Alzheimer's disease

Nanotool mimics moth antenna

U. MICHIGAN (US) — Inspired by the structure of the silk moth’s antenna, researchers have built a better nanopore.

The tiny tunnel-shaped measuring device could advance understanding of a class of neurodegenerative diseases that includes Alzheimer’s. The work is reported in the journal Nature Nanotechnology.

Essentially holes drilled in a silicon chip, nanopores allow scientists to study single molecules or proteins. Even today’s best nanopores clog easily, so the technology hasn’t been widely adopted in the lab. Improved versions are expected to be major boons for faster, cheaper DNA sequencing and protein analysis.

The team engineered an oily coating that traps and smoothly transports molecules of interest through nanopores. The coating also allows researchers to adjust the size of the pore with close-to-atomic precision.

“What this gives us is an improved tool to characterize biomolecules,” says Michael Mayer, an associate professor of biomedical and chemical engineering at the University of Michigan. “It allows us to gain understanding about their size, charge, shape, concentration and the speed at which they assemble.

“This could help us possibly diagnose and understand what is going wrong in a category of neurodegenerative disease that includes Parkinson’s, Huntington’s, and Alzheimer’s.”

Mayer’s “fluid lipid bilayer” resembles a coating on the male silk moth’s antenna that helps it smell nearby female moths. The coating catches pheromone molecules in the air and carries them through nanotunnels in the exoskeleton to nerve cells that send a message to the bug’s brain.

“These pheromones are lipophilic. They like to bind to lipids, or fat-like materials. So they get trapped and concentrated on the surface of this lipid layer in the silk moth. The layer greases the movement of the pheromones to the place where they need to be. Our new coating serves the same purpose,” Mayer says.

One of Mayer’s main research tracks is to study proteins called amyloid-beta peptides that are thought to coagulate into fibers that affect the brain in Alzheimer’s. He is interested in studying the size and shape of these fibers and how they form.

“Existing techniques don’t allow you to monitor the process very well. We wanted to see the clumping of these peptides using nanopores, but every time we tried it, the pores clogged up,” Mayer explains. “Then we made this coating, and now our idea works.”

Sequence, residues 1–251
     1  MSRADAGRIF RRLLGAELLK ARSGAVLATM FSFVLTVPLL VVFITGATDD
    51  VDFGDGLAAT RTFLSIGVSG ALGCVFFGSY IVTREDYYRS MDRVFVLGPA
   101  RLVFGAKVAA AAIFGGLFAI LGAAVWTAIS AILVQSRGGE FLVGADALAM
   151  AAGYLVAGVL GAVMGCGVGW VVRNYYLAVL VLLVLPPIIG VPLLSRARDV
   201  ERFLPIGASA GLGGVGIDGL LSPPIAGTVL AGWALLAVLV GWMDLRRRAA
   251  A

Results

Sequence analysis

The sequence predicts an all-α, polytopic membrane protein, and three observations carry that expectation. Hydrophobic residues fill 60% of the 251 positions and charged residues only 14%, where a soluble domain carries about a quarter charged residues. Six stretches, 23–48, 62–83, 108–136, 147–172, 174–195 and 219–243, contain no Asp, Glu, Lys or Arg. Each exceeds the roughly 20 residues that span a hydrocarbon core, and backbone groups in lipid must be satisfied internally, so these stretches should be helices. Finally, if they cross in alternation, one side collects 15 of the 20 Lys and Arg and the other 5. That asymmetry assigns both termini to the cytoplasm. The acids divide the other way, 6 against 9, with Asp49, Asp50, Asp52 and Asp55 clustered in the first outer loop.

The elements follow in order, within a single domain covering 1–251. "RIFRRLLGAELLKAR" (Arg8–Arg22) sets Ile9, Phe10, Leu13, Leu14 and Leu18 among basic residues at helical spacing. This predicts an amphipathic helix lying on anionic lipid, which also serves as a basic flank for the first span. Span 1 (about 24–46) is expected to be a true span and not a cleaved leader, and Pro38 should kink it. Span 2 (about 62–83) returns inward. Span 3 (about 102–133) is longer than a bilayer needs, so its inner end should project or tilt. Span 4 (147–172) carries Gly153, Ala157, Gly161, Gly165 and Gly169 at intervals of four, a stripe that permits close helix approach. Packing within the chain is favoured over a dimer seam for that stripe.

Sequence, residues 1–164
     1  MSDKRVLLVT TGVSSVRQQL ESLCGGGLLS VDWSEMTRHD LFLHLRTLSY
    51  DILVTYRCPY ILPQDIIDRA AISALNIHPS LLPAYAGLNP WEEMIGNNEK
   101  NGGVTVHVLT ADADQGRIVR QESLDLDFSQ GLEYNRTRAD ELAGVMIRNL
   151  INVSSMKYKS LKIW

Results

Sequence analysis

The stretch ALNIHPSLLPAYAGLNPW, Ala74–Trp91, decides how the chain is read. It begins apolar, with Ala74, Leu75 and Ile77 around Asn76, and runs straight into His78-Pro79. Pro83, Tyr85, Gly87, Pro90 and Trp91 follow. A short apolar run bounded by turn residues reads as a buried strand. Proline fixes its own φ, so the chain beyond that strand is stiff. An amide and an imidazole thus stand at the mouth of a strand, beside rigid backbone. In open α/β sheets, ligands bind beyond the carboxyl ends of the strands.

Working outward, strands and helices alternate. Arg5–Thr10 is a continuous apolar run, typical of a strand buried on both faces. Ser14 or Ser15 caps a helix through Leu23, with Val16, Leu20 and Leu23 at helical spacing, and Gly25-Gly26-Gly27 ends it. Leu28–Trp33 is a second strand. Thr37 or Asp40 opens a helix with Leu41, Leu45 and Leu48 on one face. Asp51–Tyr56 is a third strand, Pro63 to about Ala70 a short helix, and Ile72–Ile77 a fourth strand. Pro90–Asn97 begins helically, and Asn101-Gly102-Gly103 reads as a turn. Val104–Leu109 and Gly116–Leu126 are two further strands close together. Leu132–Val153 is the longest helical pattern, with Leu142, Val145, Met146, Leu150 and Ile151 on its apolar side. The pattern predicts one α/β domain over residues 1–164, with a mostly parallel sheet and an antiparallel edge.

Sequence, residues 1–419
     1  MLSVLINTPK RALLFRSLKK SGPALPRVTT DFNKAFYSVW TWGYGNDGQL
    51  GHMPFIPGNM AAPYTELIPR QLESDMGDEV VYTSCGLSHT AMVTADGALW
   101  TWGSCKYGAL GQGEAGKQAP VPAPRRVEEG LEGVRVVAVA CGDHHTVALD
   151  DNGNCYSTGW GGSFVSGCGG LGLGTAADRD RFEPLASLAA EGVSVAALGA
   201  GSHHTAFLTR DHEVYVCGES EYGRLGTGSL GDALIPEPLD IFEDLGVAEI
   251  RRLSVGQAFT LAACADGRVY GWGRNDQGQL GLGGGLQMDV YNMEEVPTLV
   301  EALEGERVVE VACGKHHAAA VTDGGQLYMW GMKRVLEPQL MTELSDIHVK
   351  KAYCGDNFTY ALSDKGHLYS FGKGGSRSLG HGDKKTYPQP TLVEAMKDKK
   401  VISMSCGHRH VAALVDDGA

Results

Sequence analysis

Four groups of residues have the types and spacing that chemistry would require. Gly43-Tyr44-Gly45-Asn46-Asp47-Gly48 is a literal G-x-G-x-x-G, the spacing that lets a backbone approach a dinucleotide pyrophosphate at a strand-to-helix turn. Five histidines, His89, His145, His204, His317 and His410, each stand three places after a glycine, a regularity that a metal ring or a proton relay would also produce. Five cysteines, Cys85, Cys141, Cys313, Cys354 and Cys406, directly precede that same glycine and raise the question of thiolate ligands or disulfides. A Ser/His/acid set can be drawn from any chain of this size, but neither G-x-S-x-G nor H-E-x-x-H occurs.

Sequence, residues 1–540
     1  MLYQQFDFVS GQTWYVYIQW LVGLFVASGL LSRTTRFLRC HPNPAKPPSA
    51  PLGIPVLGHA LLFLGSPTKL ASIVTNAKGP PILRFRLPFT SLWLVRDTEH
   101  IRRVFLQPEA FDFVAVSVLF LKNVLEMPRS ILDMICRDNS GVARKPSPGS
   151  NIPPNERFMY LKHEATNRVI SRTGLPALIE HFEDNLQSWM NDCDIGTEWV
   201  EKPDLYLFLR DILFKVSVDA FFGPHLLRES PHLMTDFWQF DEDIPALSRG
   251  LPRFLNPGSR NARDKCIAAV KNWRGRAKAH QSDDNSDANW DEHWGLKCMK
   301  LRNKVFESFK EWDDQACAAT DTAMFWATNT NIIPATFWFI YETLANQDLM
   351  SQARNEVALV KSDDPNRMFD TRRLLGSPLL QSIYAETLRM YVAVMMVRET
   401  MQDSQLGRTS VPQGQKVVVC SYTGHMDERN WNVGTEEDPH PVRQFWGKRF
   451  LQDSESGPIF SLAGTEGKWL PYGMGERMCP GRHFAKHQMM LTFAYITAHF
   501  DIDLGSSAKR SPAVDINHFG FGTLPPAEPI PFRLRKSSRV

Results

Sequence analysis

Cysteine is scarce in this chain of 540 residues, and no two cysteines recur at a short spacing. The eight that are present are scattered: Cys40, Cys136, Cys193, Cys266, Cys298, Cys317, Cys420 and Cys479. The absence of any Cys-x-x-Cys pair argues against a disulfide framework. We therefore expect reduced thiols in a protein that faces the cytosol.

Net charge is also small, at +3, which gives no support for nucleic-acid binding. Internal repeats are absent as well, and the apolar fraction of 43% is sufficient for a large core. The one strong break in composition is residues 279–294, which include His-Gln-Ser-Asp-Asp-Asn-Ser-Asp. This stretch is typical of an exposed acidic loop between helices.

To use nanopores in experiments, researchers position the pore-pricked chip between two chambers of saltwater. They drop the molecules of interest into one of the chambers and send an electric current through the pore. As each molecule or protein passes through the pore, it changes the pore’s electrical resistance.

The amount of change observed tells the researchers valuable information about the molecule’s size, electrical charge and shape.

Due to their small footprint and low power requirements, nanopores could also be used to detect biological warfare agents.

This research is funded by the National Science Foundation, the National Institutes of Health, the Alzheimer’s Disease Research Center, the Alzheimer’s Association, and the National Human Genome Research Institute. Researchers from the University of California, San Diego, and University of Arkansas collaborated on the work.

The University of Michigan is pursuing patent protection for the intellectual property, and is seeking commercialization partners to help bring the technology to market.

Above: A special coating on the nanotunnels of a silk moth’s antenna is the inspiration for a similar oily layer on synthetic nanopores, tiny measurement devices. University of MIchigan researchers led the development of this improved technology, and they’re using it to gain new insights into Alzheimer’s and other similar neurodegenerative diseases. Below: A closeup of a nanotunnel in a silk moth’s antenna. Pheromones travel through these tunnels, telling the male moth that a female is nearby. (Credit:Chris Burke)

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